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The Supreme Court reversed in part and affirmed in part the judgment of the district court deciding that a form of the accommodation doctrine governed to resolve the parties' dispute over priority of rights between mineral developers, holding that the BLM was not an indispensable party and that law of the case principles applied. The parties in this case were Berenergy Corporation, which owned rights to both federal and private oil and gas, and Peabody Powder River Mining, LLC, which held federal coal leases. These minerals overlapped. In Berenergy I, the Supreme Court determined that the BLM was a necessary party to the proceedings dealing with competing federal leases and remanded the case. The private oil and gas lease (the Thornburg lease) was not appealed or decided in Berenergy I. On remand, the district court concluded that it did not have subject matter jurisdiction as to the lands underlying the Thornburg lease without the presence of the BLM. The court then applied the law of the case in deciding that a form of the accommodation doctrine governed to resolve the parties' dispute on the overlapping minerals. The Supreme Court held (1) the BLM was not an indispensable party to the lease dispute; and (2) law of the case principles applied. View "Berenergy Corp. v. BTU Western Resources, Inc." on Justia Law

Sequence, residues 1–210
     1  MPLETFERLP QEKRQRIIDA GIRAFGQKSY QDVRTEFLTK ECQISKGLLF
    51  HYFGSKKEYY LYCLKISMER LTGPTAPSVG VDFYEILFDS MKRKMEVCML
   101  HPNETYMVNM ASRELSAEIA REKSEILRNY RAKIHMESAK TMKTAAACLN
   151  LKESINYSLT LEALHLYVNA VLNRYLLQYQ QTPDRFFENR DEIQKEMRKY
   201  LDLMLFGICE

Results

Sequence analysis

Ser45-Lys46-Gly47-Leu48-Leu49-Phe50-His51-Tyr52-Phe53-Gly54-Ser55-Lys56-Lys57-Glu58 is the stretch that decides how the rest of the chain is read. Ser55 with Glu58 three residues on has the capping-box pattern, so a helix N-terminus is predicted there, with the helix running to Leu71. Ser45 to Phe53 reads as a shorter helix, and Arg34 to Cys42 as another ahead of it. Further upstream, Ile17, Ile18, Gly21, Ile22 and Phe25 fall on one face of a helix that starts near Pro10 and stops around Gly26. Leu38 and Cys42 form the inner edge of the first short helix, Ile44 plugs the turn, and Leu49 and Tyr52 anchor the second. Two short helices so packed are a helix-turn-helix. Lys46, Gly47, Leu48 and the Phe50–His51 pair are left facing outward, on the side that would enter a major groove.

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The Supreme Court affirmed the judgment of the district court dismissing Appellant's pro se complaint filed under the Declaratory Judgment Act alleging that the Wyoming Department of Corrections (WDOC) violated certain policies and procedures during disciplinary proceedings brought against him, holding that Appellant was not entitled to relief. Specifically, the Court held (1) Appellant did not have standing to seek a general declaration that the WDOC must abide by its own rules and regulations, and the district court properly considered standing in dismissing Appellant's complaint even though the WDOC did not raise the standing issue in its motion to dismiss; and (2) collateral estoppel and res judicata barred Appellant's claims that procedural violations occurred during his disciplinary proceedings. View "Bird v. Lampert" on Justia Law